5. Use of Thrust: Thrust Force Along Velocity Vector

This example focuses on the inclusion of a thrust force in Tudat. In this example, the dynamics of the inner solar system (Sun, Mercury, Venus, Earth, Mars, Moon) is simulated. The code for this tutorial is given here on Github, and is also located in your tudat bundle at:

tudatBundle/tudatExampleApplications/satellitePropagatorExamples/SatellitePropagatorExamples/thrustAlongVelocityVectorExample.cpp

Although thrust is in principle handled just like any other force and Tudat, you as a user have much more control over how this thrust behaves. In fact, optimizing the thrust profile is an important goal of many types of simulations. The addition of a thrust force requires the addition of the following blocks of code/information:

  • Definition of thrust direction/magnitude, in many cases as a function of time (or other variables)
  • Definition of specific impulse, in some cases as a function of time (or other variables)
  • Inclusion of vehicle mass in the state vector: using thrut decreases the mass of the spacecraft, which we propagate concurrently with the translational state.

A list of options/details of the first two of these points is discussed here. For the example here, we will only treat a single type of thrust model, for which:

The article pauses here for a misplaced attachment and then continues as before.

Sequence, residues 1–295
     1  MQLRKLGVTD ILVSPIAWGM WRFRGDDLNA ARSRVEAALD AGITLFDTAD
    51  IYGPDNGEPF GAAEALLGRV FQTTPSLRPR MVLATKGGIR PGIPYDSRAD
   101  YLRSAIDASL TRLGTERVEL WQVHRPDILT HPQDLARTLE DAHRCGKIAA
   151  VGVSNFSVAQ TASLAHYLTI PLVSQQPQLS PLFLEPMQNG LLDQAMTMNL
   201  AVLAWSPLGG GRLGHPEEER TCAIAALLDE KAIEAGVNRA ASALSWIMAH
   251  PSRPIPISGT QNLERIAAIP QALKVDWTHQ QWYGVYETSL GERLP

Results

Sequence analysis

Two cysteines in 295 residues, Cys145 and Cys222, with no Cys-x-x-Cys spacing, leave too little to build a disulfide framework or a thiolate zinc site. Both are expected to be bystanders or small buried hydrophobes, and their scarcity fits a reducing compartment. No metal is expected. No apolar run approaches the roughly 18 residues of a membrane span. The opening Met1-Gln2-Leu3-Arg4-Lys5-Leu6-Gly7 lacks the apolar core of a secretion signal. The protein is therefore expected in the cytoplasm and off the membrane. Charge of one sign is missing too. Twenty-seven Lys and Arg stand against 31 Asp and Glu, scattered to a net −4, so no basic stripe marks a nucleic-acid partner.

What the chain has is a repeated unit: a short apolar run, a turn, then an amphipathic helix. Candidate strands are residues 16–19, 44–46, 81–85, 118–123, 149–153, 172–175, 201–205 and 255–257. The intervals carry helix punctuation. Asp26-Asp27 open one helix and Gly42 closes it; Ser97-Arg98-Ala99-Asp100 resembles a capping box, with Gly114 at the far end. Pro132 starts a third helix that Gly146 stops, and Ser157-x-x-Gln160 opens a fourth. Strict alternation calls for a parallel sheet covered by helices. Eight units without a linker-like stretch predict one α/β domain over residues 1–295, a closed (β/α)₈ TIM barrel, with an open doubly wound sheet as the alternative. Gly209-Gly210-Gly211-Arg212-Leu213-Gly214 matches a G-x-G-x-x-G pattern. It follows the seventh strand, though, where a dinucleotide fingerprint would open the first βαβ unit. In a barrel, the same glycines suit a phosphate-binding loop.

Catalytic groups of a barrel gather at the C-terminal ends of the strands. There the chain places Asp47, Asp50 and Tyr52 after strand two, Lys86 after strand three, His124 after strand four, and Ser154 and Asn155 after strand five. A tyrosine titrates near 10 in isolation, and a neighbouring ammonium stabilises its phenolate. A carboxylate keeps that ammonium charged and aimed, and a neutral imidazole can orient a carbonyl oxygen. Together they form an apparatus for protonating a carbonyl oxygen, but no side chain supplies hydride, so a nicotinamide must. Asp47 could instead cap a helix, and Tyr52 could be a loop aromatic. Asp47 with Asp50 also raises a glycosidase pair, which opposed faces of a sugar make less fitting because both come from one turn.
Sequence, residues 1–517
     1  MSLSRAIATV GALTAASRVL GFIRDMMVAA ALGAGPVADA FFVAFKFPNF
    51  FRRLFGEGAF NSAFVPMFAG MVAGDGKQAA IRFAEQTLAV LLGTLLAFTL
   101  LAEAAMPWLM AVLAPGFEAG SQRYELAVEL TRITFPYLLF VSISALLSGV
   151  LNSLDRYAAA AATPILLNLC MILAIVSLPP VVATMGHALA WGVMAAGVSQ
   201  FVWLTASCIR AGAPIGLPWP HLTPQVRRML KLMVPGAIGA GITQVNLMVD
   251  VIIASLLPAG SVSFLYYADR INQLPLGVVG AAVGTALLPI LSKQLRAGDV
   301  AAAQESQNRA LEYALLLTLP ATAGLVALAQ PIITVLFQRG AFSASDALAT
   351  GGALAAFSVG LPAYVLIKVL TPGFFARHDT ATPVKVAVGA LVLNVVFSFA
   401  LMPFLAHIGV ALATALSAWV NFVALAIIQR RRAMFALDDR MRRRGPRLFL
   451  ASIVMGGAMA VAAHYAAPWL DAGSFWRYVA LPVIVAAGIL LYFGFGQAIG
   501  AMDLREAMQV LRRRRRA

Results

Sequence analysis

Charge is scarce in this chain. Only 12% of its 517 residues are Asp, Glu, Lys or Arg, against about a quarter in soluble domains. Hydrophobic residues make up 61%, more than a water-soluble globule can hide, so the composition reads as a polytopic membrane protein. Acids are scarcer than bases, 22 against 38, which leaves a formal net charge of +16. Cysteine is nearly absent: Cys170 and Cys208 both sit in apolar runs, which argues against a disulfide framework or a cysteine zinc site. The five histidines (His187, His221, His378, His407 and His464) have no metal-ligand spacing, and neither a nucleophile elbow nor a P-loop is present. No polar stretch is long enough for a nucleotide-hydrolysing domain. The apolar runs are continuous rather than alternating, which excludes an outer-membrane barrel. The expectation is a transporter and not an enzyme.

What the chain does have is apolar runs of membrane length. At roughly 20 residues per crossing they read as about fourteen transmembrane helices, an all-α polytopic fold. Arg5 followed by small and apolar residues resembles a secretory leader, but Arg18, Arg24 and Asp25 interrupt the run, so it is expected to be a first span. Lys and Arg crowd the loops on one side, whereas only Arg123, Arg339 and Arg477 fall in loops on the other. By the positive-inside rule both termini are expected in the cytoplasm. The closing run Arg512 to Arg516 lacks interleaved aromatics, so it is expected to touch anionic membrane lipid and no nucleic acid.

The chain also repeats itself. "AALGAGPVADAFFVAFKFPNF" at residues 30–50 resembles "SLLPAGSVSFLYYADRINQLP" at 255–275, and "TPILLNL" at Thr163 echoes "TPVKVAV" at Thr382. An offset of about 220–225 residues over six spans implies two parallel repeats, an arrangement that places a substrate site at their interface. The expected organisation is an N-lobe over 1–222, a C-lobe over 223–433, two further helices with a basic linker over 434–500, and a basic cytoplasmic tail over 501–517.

• The thrust force and specific impulse are constant
  • The direction of the thrust is always along (and in the same direction as) the vehicle’s Earth-centered velocity vector.

We will not treat the entire source file for the simulation, as most of it is similar or identical to that discussed in detail for the unperturbed and perturbed satellite examples.

5.1. Adding the thrust acceleration

The first main difference w.r.t. the other examples is the use of a thrust acceleration. For this example, the full code required for this is:

// Define thrust settings
double thrustMagnitude = 25.0;
double specificImpulse = 5000.0;
boost::shared_ptr< ThrustDirectionGuidanceSettings > thrustDirectionGuidanceSettings =
        boost::make_shared< ThrustDirectionFromStateGuidanceSettings >(
            "Earth", true, false );
boost::shared_ptr< ThrustEngineSettings > thrustMagnitudeSettings =
        boost::make_shared< ConstantThrustEngineSettings >(
            thrustMagnitude, specificImpulse );

// Define acceleration model settings.
std::map< std::string, std::vector< boost::shared_ptr< AccelerationSettings > > > accelerationsOfVehicle;
accelerationsOfVehicle[ "Vehicle" ].push_back(
            boost::make_shared< ThrustAccelerationSettings >( thrustDirectionGuidanceSettings, thrustMagnitudeSettings) );

First, we define a constant thrust force of 25 N and specific impulse of 5000 s. For the interface of the thrust we use here, two blocks need to be defined before creating the AccelerationSettings, one providing settings for the direction, and one for the magnitude of the thrust force.